Wednesday, February 17, 2016

Where have all the phone booths gone?

By Jim Heffernan           
Here’s an old limerick:

There was an old maid from Duluth,
Who wept when she thought of her youth,
Remembering the chances
She had at school dances,
And once in a telephone booth.

Telephone booth? Telephone booths today are as rare as referring to women who choose not to marry as old maids.

Last week the New York Times reported that only four outdoor telephone booths remain in Manhattan, concentrated on the upper West Side. A technology company maintains them, apparently because residents of the neighborhood like them and because they are the last ones.

I don’t suppose most in the Millennial Generation have ever seen one or that Generation Xers have ever used one, having seen them only in old Superman movies showing the Man of Steel transforming from suit-clad Clark Kent into the caped crusader in telephone booths. How handy that was.

Let me say for the record, though, that even in Duluth, telephone booths were once more ubiquitous than old maids. You could find them all over the place in the downtown, and in outlying areas as well. Before cell phones, pay phones, most often found in aluminum booths, were the only way to call someone when away from home.

Because the phone in my family home was located right next to the living room, where others could easily overhear, I used to make some personal calls from telephone booths, often to make dates with young maids. It cost a dime then.

Leave it to New York City to be the last bastion of the telephone booth in America. At one time, there was one on every block, at least in Midtown. But good luck trying to use one.

Once, years ago, when I was in New York for an extended period, I got word of the death of a relative, and wanted to call home to learn more about it. Roving around Midtown, I went to a nearby phone booth only to find it had been vandalized – probably robbed – and didn’t work. No problem, there was another booth a block up the avenue. Oops, same thing. Receiver torn from its wire too. Well, there was another booth nearby, a ways up the street. Unfortunately, same thing. I couldn’t find a functioning phone in a half dozen booths, and finally gave up. 

So now New York is down to four and Duluth has none that I know of. I don’t carry a cell phone and recently I looked for an indoor pay phone at Miller Hill Mall here. There used to be a couple in the main corridor. Gone.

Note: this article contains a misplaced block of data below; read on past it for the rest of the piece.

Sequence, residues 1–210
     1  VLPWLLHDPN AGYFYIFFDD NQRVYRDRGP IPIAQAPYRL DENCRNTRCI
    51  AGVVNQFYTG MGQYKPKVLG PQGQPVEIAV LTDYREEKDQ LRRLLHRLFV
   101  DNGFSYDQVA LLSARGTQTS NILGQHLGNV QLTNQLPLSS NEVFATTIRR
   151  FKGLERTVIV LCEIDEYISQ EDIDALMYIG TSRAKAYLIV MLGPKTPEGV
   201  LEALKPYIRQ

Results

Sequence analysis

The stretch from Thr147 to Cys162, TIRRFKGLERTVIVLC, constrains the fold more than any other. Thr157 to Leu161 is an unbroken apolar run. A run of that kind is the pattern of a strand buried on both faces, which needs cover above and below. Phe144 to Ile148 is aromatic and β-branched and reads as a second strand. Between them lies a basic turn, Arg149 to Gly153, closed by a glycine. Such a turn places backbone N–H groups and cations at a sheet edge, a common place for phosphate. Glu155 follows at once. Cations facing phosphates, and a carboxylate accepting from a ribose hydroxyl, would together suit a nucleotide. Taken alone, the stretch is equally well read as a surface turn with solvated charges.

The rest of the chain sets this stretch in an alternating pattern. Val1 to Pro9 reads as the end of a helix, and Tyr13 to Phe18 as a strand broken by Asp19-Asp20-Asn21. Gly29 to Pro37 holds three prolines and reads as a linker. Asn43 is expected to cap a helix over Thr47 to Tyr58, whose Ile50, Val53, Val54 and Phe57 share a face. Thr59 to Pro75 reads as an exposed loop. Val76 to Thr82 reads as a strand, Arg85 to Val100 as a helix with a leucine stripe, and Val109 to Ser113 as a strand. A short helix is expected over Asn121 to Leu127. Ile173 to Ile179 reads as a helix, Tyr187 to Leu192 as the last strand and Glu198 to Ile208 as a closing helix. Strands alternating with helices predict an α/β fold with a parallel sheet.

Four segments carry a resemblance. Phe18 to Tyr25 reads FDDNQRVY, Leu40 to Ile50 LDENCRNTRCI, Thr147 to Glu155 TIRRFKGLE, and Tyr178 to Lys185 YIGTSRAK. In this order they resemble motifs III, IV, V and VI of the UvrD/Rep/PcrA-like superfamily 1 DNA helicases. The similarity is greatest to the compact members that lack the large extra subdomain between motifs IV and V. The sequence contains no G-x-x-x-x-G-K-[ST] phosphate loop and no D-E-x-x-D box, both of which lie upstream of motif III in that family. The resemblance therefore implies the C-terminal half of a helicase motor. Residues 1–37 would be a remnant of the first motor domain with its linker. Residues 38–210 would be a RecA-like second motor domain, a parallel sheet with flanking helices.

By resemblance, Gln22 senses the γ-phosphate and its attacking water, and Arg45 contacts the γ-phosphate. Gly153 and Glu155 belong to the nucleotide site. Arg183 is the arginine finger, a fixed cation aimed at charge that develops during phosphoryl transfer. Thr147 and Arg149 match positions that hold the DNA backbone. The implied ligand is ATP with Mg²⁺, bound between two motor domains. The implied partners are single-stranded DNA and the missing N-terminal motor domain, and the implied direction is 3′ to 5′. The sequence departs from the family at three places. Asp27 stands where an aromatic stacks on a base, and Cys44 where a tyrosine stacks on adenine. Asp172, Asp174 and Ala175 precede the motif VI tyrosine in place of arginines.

Fortunately I ran into a woman I know who carried a cell phone she let me use. She’s a widow now, but has no reason to weep when she thinks of her youth, having had plenty of chances at school dances, but probably never in a telephone booth.

Tuesday, February 2, 2016

Duluth area deprived of decent blizzard...

By Jim Heffernan

OK, OK, enough’s enough. February already and we haven’t had a blizzard. Sure, there’s plenty of snow on the ground around Northeastern Minnesota, and we’ve had “storms” of two or three inches at a time, but no blizzard. We need a 2016 blizzard.

It’s particularly vexing when you hear of others having whiteout-producing blizzards with schools closed, highways closed, cities virtually shut down. At this writing, southern Minnesota is getting hit hard. And how about that one out East – New York, Washington buried.

And here Duluth has this reputation for severe winter weather (including extreme cold, which you can have), and other parts of the country are getting all of the blizzards.

I knew things would go south the minute Don Ness left the mayor’s office.

It seems to me that in the past we could count on two or three blizzards a winter around here. My memory might be fading, but I don’t recall any decent blizzards at all in recent years – the mall-closing, traffic-at-a-standstill, buses pulled off the road kind of blizzards that are so exciting.

The Duluth newspaper this week ran a story headlined “Number of blizzards has doubled in recent years.” Well, maybe south and east of here, but not here.

I used to work at that newspaper, and blizzards were fun for journalists writing the storm stories that advised no travel, informing that schools will be closed, recounting the drama of babies born in cars stuck in drifts,  plows leading ambulances to heart attack victims. Lots of drama. 

The people in charge of distributing the newspaper were not as fond of blizzards as we were in the newsroom. It’s very hard to get the paper on subscribers’ doorsteps in a blizzard. Whenever a blizzard struck, the word resounded through the newspaper building: “Snow in the alley.”

That meant early deadlines and that the circulation trucks would have difficulty picking up their bundles from the loading dock as the newspaper ran off the press, and proceed through the city and region. To assure that the alley would receive plowing priority, one employee was assigned to see to it that a bottle of scotch or whisky was placed in a certain spot in the alley where the plow jockeys could find it. I could name names.

So I’m looking forward to our first blizzard of this winter. The best come without warning, nearly impossible today with such widespread weather forecasting. I can remember going to a movie without any knowledge of an impending storm, and walking out at the end and finding howling gale-force winds driving drift-forming snow and traffic brought to a standstill.

Blizzards don’t get any better than that.